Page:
GOOD PEOPLE is the story of Margie, a woman far below the poverty line from the Southie area of Boston. After she is fired from her job, she is reconnected with an ex-boyfriend who has gotten out of Southie and is now a successful doctor. When she goes to him to try to find a job, a series of events follow that brings up old feelings and memories and leads to an unexpected evening.
The production was expertly executed from acting to directing to the technical aspects. The show struck the perfect balance of comedy and drama, without anyone feeling as if the play was trying to make fun of lower class people or people of different races or ethnicities. The actors were so truthful in their representations of these lower class characters, that I couldn't separate the actors from the story, which does not happen for me in the theatre too often.
Johanna Day, a Tony Award nominee for her performance in PROOF, was brilliant as Margie and showed the tough skinned woman with such perfect balance of toughness and heart that when she came to crossroads in her life, we as the audience truly felt for her. While she struggled for some lines at times, it played off as emotion and she regained footing without missing a beat.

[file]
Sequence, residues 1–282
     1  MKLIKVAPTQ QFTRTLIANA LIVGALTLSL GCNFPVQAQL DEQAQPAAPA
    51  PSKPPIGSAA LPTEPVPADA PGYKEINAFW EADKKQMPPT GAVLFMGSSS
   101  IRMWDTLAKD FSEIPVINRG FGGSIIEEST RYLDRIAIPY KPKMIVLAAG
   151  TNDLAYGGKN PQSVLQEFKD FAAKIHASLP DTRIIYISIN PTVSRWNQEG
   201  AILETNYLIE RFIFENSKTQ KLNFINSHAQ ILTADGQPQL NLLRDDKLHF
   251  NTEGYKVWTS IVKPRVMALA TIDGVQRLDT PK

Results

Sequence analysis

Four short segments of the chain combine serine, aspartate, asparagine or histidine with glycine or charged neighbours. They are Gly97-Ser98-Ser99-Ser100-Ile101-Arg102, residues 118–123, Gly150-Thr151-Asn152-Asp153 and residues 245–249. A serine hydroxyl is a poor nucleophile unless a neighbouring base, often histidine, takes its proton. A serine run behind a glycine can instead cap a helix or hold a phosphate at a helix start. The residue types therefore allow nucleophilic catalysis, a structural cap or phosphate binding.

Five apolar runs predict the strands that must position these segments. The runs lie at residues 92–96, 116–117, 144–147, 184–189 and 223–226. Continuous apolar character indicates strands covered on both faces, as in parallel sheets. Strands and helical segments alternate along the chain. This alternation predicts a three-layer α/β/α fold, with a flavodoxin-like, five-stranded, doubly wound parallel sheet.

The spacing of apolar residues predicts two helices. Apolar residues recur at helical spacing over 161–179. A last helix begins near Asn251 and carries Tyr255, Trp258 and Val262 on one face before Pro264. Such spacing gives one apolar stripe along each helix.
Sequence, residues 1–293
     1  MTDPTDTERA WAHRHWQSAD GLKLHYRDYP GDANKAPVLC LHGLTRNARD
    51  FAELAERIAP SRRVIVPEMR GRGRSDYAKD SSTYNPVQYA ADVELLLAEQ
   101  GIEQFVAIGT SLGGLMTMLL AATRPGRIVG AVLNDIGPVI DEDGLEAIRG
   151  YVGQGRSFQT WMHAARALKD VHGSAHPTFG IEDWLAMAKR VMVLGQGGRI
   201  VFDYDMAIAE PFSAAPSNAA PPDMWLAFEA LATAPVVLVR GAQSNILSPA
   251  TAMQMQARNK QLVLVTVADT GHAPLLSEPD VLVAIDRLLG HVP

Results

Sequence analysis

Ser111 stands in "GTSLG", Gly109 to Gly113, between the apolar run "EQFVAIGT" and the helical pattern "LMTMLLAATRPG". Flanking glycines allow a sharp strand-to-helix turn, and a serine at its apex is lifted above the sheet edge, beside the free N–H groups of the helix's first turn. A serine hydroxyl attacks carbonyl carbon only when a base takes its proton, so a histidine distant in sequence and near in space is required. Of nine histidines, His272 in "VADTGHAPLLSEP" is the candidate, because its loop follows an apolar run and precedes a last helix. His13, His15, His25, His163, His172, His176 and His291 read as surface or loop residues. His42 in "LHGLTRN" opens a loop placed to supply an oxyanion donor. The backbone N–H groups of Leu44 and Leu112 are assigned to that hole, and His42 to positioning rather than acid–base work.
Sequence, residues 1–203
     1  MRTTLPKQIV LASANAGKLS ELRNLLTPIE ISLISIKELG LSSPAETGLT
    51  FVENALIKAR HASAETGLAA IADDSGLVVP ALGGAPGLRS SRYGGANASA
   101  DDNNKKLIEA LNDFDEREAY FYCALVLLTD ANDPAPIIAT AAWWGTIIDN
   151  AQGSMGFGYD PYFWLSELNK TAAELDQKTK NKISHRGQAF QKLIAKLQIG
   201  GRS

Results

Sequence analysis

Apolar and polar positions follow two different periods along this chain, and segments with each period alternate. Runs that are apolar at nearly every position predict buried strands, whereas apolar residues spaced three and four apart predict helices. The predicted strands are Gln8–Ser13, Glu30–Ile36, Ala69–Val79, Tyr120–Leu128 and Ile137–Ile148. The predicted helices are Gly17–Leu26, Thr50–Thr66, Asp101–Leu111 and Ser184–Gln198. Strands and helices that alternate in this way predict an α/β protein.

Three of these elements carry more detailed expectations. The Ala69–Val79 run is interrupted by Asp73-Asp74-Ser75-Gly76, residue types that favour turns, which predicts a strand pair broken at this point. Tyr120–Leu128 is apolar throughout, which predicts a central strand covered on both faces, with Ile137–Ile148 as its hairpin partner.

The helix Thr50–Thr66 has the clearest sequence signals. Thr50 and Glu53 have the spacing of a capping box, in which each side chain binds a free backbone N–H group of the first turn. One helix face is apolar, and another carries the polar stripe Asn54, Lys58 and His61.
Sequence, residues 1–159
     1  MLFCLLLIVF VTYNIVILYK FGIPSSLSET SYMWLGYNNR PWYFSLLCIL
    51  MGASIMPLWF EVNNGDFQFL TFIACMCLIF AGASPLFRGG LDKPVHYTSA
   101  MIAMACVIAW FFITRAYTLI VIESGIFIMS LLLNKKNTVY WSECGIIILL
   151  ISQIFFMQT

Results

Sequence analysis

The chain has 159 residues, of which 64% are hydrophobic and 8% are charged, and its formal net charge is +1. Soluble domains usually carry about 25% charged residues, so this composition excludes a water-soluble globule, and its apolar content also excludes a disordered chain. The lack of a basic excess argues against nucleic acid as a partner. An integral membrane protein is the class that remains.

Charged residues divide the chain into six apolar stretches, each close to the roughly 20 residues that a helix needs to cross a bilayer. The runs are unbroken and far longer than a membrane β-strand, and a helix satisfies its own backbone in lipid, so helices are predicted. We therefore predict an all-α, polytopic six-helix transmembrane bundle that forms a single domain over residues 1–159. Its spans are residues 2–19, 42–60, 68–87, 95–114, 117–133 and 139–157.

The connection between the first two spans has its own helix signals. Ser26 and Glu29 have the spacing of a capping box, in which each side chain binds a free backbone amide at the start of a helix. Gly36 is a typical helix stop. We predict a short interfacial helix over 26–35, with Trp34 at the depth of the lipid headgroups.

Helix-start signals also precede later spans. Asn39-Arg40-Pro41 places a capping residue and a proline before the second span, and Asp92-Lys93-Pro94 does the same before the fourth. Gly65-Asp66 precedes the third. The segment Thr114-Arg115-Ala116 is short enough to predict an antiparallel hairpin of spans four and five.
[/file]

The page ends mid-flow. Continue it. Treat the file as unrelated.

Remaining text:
The supporting cast was equally as strong, portraying much more comedic sides to those living in Southie. I had some personal qualms with some of the acting choices, but they were all made with such strength, that it overall still led to an almost perfect evening.
The set was amazing, because they used a simple background, with box sets that could easily come on and off stage to serve as the different homes and locations.The set was high quality, as one would expect with Arena, but still realized that they were sets and not real homes/offices.
The sound design, which was an original score for the production that underscored the lengthy scene changes, was brilliant and I hope it gets recognition for its beauty and power.